The DOT is focused on cities. Nearly three quarters of pedestrian fatalities took place in urban settings prompting the Secretary to announce a new $2 million grant program available to the Federal Highway Administration’s (FHWA) 22 Pedestrian Safety Focus Cities in 15 states. The focus cities, as revised in 2011, were selected by the FHWA if they had more than 20 average annual pedestrian fatalities or a pedestrian fatality rate greater than 2.33 per 100,000 population.

The program is designed to bolster education and enforcement initiatives for pedestrian safety. Streetsblog.org breaks down what the grant money could be used for:

·         A comprehensive education and enforcement activity that supports active infrastructure improvement projects.  For example, having enforcement and education activities in areas surrounding repainted crosswalks or newly-installed mid-block crosswalks.

·         Improved data and analysis of pedestrian crashes to identify trends, high-risk populations and high crash locations.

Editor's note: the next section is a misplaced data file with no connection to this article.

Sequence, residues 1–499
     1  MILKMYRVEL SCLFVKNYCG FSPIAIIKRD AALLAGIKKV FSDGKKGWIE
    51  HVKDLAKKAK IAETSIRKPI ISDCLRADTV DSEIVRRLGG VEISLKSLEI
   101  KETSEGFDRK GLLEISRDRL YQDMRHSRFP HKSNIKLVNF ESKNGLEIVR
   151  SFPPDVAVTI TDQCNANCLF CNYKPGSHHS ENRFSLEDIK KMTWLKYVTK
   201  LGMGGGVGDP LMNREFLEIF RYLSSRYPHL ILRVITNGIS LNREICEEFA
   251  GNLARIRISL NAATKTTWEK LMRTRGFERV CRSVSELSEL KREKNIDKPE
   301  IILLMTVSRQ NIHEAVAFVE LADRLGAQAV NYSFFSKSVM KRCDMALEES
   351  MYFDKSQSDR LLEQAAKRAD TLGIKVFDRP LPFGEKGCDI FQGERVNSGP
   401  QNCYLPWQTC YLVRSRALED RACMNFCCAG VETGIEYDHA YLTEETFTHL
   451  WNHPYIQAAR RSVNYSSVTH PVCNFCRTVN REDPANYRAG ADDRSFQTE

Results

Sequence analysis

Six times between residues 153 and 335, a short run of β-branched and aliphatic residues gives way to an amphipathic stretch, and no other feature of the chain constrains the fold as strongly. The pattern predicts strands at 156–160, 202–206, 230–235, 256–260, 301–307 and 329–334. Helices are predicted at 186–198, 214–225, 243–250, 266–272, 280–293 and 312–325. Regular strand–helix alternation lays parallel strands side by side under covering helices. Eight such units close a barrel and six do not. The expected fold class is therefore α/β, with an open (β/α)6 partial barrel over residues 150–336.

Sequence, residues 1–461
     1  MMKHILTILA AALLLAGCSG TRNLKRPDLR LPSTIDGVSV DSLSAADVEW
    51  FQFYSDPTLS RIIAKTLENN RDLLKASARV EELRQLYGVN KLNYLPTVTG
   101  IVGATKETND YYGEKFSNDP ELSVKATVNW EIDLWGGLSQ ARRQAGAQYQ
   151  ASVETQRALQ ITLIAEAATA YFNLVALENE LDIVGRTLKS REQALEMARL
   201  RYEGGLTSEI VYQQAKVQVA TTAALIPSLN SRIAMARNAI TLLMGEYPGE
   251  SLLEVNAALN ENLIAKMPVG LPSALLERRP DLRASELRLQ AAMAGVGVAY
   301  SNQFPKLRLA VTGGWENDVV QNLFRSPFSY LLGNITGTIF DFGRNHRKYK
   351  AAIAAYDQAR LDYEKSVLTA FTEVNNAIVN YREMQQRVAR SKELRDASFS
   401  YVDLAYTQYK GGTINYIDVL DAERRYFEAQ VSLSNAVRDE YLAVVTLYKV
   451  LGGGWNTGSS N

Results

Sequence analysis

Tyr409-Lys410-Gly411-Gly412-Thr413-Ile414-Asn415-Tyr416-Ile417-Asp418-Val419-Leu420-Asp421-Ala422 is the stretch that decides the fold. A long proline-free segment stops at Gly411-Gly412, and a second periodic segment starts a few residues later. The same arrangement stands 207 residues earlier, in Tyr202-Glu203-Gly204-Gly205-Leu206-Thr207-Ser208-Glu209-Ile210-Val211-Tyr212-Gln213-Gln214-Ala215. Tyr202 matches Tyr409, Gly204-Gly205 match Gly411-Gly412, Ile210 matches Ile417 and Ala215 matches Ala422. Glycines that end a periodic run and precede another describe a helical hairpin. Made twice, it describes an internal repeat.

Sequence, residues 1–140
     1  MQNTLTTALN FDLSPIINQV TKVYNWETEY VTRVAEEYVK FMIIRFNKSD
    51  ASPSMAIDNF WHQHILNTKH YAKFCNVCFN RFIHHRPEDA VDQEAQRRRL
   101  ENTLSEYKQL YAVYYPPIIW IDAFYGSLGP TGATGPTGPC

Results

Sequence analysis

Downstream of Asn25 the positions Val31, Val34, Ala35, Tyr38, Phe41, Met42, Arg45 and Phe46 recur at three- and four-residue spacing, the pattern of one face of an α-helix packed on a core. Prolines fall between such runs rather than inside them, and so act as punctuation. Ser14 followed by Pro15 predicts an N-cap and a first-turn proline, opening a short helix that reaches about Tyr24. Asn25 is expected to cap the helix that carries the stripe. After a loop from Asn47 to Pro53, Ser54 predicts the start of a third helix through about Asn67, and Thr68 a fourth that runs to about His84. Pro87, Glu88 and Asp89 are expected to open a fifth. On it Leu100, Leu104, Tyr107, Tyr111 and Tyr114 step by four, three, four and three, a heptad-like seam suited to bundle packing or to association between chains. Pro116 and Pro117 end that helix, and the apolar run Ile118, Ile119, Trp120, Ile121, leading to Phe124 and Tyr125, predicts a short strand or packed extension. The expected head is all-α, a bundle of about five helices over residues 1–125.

·         Development and implementation of an education campaign focusing on the high-risk groups identified through crash analysis.

·         Deployment of enforcement operations in high crash locations (corridors and/or intersections).

·         Evaluation of the countermeasures used to reduce pedestrian deaths and injuries.

While the education and enforcement campaigns have the potential to save lives, cities and states will also have some new funding for studying the pedestrian death phenomenon which plagues them. This may be an opportunity for state and local governments to collect specific crash data on their population. States have until August 30th to apply.

FHWA Focus Cities

The NHTSA also released a new website focused on education programs for pedestrians and policy makers. The site includes a variety of tip sheets for children and parents and a toolbox of education tools, programs and resources for state highway officials, traffic engineers, law enforcement officers and educators.